Full Story >>

New Delhi [India], Jun 21 (ANI): In a major breakthrough in kidney transplant, a team of doctors has conducted an ABO incompatible kidney transplant on the youngest child in SAARC region.

Full Story >>

Washington D.C. [USA], June 21 (ANI): The proverb early to bed and early to rise makes man healthy, wealthy and wise, rightly explains a recent study, as it suggests people who sleep after 3 a.m. at night have lower perceived control of obsessive thoughts.

Full Story >>

Exhaustion of immune cells linked to irritable bowel syndrome

Updated: Jun 21, 2017 12:50 IST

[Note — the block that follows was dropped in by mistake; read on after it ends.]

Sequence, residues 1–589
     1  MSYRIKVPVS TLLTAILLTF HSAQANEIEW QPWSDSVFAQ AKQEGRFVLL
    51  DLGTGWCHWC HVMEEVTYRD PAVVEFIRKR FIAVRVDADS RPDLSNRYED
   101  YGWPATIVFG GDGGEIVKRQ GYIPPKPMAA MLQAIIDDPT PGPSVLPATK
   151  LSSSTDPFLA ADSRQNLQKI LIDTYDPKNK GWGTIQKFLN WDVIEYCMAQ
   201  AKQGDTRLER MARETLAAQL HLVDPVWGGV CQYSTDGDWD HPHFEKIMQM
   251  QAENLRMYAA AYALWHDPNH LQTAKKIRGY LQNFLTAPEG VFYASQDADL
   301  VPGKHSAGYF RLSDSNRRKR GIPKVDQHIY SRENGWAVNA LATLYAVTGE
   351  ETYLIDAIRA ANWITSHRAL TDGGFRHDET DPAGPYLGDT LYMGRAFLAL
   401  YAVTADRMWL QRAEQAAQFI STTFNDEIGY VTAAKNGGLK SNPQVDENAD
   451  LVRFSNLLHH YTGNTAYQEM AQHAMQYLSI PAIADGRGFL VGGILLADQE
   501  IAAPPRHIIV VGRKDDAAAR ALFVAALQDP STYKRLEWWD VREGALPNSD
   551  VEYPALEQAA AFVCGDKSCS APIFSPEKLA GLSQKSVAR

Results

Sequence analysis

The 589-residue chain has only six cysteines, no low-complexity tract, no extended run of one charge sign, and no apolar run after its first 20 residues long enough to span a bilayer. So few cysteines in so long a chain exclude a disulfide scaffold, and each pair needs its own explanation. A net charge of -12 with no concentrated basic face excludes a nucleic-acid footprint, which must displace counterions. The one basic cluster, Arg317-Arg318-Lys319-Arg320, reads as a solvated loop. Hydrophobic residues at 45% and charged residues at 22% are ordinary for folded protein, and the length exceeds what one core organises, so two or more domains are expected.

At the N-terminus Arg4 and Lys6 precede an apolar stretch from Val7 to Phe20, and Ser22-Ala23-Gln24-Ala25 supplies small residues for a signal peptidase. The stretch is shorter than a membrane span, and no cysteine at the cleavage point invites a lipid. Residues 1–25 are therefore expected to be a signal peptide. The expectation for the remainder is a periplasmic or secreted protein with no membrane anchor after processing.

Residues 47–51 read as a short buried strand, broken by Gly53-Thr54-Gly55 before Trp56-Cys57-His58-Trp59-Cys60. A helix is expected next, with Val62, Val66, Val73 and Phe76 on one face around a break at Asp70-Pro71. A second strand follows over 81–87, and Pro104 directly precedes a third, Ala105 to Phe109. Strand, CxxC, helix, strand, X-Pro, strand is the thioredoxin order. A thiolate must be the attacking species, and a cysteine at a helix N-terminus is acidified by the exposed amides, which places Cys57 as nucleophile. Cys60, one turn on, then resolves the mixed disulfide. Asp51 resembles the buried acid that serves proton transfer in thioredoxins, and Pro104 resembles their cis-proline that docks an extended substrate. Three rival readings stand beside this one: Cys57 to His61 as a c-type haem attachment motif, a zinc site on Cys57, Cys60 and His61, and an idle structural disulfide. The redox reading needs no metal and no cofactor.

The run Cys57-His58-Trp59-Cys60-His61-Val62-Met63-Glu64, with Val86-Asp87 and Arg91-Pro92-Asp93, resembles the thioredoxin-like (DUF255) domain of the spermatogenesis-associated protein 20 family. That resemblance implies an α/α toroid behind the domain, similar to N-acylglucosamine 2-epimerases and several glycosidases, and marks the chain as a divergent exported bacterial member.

Washington D.C. [USA], June 21 (ANI): Australian researchers have recently discovered that exhaustion of the immune system is linked to a specific type of an intestinal disorder causing pain in the stomach, wind, diarrhea and constipation.

Full Story >>

Nerves from foot used to restore vision of 60-year-old

Updated: Jun 19, 2017 19:58 IST     

New Delhi [India], June 19 (ANI): In a first of its kind surgery, a hospital in Mumbai used nerves from the foot of a partially blind 60-year-old woman to help her restore her vision.

Full Story >>

Now, it's easier to blunt sickle cell disease

Updated: Jun 19, 2017 16:28 IST     

New Delhi [India], June 19 (ANI): As population of sickle cell poses a formidable challenge, odds have dramatically lessened in its treatment.

Full Story >>